Banner Image: Ariel view of a portion of the Palm Bay Estate of Equatorial Palm Oil’s (EPO) covering 6,400 hectares of land in Jogbahn Clan in District No.4, Grand Bassa County. The DayLight/James Harding Giahyue
By James Harding Giahyue
MONROVIA – Campaigners from civil society organizations in Liberia on Thursday received training on the Accountability Framework initiative (AFi), a new tool for advocacy in the agriculture and forestry sectors.
AFi was introduced in 2019 by a host of international nongovernmental organizations, including Proforest, Rainforest Alliance and the Meridian Institute. Combining international and local laws, policies, principles and best practices, it provides a standard for civil society’s advocacy for agriculture and forest-related companies to produce sustainably. It aims to reduce private sector-related deforestation and foster strict adherence to respect for human rights and secure benefit for local communities where these firms operate.
Campaigners at the Sustainable Development Institute (SDI)—which organized the one-day training workshop alongside Proforest Ghana—said it will help land and forest rights groups monitor companies and ensure they comply with social, environmental and economic standards.
“This is very important to us as civil society organizations,” said James Otto, who heads SDI’s community rights and corporate governance program, told participants at the opening of the daylong event. “This is going to be a build-on training so that the framework is actually implemented in Liberia.”
“This is our opportunity in Liberia to understand what [AFi] is and see the linkages with our own efforts that we are making already, and see who we are going to take it and apply it in Liberia,” said Silas Siakor, one of the facilitators of the event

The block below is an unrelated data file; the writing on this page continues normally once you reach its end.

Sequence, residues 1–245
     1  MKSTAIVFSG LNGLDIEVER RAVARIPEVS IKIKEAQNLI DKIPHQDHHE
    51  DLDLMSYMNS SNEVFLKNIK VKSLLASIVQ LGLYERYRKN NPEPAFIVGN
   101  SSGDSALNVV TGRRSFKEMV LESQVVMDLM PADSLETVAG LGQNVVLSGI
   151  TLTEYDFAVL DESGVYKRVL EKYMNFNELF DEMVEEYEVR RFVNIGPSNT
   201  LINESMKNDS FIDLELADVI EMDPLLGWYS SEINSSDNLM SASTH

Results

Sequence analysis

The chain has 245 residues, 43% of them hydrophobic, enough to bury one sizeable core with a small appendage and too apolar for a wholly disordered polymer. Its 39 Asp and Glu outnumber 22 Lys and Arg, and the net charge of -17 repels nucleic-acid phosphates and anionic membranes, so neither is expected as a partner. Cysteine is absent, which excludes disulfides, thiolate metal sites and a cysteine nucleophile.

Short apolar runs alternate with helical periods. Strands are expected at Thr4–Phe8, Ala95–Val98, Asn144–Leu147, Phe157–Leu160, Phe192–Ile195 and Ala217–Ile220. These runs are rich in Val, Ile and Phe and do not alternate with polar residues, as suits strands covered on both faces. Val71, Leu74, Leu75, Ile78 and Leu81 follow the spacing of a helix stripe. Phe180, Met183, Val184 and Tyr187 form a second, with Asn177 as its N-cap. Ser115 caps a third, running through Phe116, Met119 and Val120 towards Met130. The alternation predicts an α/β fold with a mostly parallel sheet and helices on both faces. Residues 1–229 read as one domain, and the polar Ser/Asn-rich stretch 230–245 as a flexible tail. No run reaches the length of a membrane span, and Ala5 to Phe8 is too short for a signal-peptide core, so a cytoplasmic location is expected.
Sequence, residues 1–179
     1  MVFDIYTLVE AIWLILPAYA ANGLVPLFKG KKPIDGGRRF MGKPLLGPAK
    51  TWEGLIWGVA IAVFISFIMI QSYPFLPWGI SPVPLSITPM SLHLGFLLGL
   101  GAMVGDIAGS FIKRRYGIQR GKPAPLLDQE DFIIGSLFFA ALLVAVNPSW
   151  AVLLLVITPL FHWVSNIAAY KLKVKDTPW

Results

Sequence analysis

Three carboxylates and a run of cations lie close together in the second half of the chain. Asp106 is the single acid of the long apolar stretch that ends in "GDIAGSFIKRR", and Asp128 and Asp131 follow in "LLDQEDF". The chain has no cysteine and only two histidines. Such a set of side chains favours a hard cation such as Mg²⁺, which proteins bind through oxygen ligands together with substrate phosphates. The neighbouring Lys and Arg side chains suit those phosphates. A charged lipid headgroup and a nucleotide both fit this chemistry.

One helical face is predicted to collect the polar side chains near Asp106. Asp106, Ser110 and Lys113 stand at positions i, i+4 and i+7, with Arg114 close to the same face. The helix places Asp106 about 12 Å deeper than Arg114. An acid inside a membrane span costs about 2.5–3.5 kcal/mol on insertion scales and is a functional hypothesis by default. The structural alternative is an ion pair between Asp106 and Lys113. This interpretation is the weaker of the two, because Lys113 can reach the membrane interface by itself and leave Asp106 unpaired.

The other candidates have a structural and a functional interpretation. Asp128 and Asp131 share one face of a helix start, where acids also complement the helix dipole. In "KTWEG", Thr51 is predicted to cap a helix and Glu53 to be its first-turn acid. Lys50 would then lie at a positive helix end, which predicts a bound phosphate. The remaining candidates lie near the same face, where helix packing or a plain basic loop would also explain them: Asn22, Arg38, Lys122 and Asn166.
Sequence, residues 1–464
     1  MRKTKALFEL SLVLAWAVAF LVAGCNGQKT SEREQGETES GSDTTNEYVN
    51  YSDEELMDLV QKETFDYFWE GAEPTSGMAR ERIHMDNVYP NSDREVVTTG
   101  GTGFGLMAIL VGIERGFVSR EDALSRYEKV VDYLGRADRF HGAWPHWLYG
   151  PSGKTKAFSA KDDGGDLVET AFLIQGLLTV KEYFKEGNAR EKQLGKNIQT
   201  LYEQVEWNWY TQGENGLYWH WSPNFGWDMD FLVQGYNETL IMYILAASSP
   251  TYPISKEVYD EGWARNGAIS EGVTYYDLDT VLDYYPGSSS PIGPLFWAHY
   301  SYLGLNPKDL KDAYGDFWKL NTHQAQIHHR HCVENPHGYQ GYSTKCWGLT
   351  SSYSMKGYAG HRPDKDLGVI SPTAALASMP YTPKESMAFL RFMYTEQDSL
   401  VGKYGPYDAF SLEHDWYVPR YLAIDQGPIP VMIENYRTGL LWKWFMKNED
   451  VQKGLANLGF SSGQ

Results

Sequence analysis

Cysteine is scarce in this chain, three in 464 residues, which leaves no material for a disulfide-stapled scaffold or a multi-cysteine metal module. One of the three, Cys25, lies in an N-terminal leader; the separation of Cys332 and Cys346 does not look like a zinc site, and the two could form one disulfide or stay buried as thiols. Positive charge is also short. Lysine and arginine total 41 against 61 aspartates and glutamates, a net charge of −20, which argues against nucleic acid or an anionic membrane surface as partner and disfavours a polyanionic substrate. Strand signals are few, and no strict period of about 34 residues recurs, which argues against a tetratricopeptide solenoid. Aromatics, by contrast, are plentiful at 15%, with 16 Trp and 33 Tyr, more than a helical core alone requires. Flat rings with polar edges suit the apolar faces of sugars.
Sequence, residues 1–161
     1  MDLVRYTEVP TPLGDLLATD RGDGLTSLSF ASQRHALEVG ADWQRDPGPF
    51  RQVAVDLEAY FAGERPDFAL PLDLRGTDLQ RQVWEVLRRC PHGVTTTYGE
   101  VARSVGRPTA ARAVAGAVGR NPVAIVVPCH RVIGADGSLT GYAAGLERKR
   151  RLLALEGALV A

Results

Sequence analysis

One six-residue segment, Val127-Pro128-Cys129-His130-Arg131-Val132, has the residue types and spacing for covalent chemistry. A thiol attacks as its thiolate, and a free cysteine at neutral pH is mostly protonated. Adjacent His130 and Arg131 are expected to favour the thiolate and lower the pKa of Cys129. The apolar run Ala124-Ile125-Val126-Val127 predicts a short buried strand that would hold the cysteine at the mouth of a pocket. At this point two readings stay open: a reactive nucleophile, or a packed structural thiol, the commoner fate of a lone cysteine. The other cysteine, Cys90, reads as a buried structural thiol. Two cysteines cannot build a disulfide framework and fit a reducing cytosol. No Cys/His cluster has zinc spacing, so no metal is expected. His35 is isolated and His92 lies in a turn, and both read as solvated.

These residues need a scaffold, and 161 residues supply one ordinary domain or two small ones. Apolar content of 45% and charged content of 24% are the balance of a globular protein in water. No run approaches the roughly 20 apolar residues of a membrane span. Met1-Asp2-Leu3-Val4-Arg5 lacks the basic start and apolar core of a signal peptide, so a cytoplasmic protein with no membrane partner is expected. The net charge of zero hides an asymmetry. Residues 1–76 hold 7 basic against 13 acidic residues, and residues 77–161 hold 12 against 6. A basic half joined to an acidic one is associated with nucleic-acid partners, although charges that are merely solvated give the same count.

Siakor said coronavirus posed some challenges to the new initiative as it was established in the same year of the pandemic but momentum for the tool has started to take off. “The idea is really to drive stakeholders to take the concept and work with it,” he added.
Liberia has made significant strides to ensure its natural resources are managed in a sustainable manner since the end of a brutal 14-year civil war, which ended in 2003. It began with the reform of the country’s forestry sector a year later. The country created a new land law in 2018 that recognizes customary land ownership, has national policies on free, prior and informed consent (FPIC), and the principles and criteria of the Roundtable on Sustainable Palm Oil (RSPO). It has its own oil palm strategy
On top of that, the country has already signed onto a horde of international principles. They include the United Nations Principles on Business and Human Rights, efforts to reduce emissions from deforestation and forest degradation and foster conservation, sustainable management of forests, and enhancement of forest carbon stocks (REDD+), and the Tropical Forest Alliance (TFA).
Nana Darko Cobbina, the training facilitator from Proforest, said AFi does not duplicate those efforts. It complements them and links the forestry and agriculture sectors.
“The framework aims to bring greater clarity, consistency, effectiveness, and accountability for supply chain commitments and their implementation and monitoring,” Cobbina told participants. “It embeds common approaches and good practices in standards, tools, policies, and initiatives for responsible production and trade.”